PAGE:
And if that sounds ridiculous, wait until you get a load of the plot. Mysteriously escaping death having been shot while on duty as a rookie cop in Central City, Denny Colt (Gabriel Macht) is now able to terrorise the criminal underworld as a masked crime-fighter without fear of dying. Here, as The Spirit, he gets caught up on one side in a battle with his nemesis, an arrogant, cackling, neo-Nazi, genetic scientist criminal called The Octopus (Samuel L. Jackson) and his partner in crime, the glamorous and highly intelligent but morally derelict Silken Floss (Scarlett Johannson), seeking immortality in an ancient artefact; and on the otherside, he reencounters the deadly Sand Serif (Eva Mendes), former childhood sweetheart of Denny Colt gone bad, on a quest for her lost childhood in the shape of an ancient mythological artefact. The fence handling the legendary exhibits is however taken out rather over-enthusiastically by the dumb clones (Louis Lombardi) created The Octopus and the criminals end up with the wrong artefacts in their possession. Needing to exchange them, both have reasons for getting the interfering Spirit out of the way of their transaction.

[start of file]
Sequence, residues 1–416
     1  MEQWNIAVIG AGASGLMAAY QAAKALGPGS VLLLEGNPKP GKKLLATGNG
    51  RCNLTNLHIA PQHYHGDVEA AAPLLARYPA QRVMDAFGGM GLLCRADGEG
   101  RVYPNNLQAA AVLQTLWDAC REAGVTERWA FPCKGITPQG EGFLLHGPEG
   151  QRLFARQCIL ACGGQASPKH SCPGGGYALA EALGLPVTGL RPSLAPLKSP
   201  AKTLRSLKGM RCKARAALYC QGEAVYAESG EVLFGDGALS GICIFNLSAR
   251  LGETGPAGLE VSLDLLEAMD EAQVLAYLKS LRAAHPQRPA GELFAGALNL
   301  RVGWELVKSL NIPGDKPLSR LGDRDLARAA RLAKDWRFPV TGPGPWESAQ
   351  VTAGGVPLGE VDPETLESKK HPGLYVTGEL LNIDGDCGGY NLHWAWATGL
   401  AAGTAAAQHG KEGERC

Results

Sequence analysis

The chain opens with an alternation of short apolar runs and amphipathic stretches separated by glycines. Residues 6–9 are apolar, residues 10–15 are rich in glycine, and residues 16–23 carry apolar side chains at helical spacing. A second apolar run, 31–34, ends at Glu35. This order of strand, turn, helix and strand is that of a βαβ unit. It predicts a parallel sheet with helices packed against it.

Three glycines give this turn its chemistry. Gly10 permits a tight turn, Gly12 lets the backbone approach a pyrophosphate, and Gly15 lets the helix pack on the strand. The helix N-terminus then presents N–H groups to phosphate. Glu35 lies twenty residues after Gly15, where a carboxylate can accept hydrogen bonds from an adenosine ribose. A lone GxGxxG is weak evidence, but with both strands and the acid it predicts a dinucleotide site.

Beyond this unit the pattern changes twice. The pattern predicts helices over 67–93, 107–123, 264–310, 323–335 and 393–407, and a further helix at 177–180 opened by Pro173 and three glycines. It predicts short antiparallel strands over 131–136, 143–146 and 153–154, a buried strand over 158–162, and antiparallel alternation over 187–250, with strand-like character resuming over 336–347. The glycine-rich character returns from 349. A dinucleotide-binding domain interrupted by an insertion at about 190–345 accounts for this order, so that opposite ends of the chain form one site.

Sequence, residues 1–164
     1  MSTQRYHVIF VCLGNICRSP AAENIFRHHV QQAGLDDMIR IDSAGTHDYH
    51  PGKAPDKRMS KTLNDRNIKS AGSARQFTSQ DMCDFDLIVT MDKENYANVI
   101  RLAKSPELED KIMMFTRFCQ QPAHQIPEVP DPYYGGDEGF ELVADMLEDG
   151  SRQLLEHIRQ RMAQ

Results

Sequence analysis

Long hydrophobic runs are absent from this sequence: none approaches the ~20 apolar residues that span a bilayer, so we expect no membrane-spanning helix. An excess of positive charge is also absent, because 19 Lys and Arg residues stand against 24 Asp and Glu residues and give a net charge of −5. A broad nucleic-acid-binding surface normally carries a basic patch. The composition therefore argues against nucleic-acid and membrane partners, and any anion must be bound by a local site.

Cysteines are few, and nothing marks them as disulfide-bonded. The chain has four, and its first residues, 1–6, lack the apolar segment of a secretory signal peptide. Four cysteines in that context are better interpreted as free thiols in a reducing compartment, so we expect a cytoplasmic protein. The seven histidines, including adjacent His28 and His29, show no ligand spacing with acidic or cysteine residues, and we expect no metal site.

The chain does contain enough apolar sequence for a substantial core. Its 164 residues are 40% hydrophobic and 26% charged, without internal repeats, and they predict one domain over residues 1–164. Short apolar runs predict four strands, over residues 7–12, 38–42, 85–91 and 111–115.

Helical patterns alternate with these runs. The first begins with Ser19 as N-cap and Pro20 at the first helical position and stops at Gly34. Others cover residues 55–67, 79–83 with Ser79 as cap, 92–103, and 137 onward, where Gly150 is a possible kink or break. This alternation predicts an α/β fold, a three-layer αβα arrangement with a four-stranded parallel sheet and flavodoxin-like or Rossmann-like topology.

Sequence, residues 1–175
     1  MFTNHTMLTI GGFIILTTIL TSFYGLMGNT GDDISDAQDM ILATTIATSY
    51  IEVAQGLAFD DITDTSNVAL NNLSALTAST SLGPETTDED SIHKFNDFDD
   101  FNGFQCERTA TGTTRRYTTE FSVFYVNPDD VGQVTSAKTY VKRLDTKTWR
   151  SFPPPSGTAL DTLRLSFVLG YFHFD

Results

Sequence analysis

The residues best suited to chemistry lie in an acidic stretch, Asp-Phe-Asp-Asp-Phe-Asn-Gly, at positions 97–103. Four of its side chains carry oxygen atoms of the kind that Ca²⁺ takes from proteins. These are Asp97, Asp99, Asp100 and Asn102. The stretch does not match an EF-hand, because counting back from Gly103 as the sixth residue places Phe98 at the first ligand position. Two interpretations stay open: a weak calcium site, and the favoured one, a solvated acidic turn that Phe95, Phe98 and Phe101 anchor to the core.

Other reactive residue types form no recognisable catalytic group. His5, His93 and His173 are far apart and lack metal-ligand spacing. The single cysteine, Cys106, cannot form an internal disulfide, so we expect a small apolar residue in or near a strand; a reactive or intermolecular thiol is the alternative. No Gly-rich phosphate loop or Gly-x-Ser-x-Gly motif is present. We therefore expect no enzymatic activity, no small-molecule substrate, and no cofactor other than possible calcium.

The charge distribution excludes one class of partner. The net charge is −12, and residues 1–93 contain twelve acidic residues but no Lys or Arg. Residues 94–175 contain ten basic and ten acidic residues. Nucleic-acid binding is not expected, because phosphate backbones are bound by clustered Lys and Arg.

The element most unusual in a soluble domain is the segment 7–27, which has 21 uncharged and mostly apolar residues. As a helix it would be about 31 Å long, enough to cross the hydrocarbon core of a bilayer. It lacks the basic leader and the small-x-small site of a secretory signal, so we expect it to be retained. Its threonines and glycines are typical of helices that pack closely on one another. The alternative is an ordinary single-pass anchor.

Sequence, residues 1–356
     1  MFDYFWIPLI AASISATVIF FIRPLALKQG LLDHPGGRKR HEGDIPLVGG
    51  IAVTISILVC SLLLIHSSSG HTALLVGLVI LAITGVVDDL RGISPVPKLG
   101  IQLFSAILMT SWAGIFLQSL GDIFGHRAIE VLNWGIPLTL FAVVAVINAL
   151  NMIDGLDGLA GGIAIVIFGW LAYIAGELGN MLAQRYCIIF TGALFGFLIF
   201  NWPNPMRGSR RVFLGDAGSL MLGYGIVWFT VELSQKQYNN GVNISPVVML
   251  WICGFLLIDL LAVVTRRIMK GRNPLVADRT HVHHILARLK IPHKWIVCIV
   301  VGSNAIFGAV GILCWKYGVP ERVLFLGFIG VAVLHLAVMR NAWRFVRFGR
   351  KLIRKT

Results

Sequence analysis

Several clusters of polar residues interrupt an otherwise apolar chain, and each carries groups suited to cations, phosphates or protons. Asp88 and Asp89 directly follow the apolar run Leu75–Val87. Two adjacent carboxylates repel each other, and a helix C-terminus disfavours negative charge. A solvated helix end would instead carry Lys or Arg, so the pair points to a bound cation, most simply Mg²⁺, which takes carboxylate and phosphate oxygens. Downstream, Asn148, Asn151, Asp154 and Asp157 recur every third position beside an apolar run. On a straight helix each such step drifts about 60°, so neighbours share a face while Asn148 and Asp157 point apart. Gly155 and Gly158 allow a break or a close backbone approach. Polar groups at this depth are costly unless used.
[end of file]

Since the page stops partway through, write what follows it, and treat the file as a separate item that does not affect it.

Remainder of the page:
The best you can say about the plot is that it is extremely silly, but I mean that as a compliment. In a movie industry that is obsessed with making superheroes real people with real feelings, motivations and emotions, striving to show their actions having real consequences, The Spirit comes as a breath of fresh air. That’s not going to please modern cinema audiences, entrenched as it is within Frank Miller’s worldview and littered with comicbook references (a reference to Eisner’s Dropsie Avenue alluded to in a throwaway comment suggests depths in the background of the characters that will be lost on most viewers). The average movie-goer isn’t going to have a clue what this is about, since it isn’t a movie and (thankfully) it doesn’t even try to work as a movie. It’s a comic on the screen. Unfortunately, it’s not going to please Will Eisner fans either, although I wish it would because, even though it looks nothing like Eisner’s style, to my mind it embodies all the craft, invention, sexiness, fluidity, unpredictability, irreverence and just the sheer fun that Eisner showed the medium as being capable of producing. It will please Frank Miller fans (though god knows there are few of those in the movie world), particularly those eagerly waiting for the Sin City sequels, since it’s the best comic work he has done in over a decade (can we just pretend that ‘300’ and ‘DK2’ never happened?). Except it’s meant to be a movie. That’s a brave and wonderfully irreverent thing to do, but it’s also unfortunately the reason why a lot of people are going to have problems with The Spirit.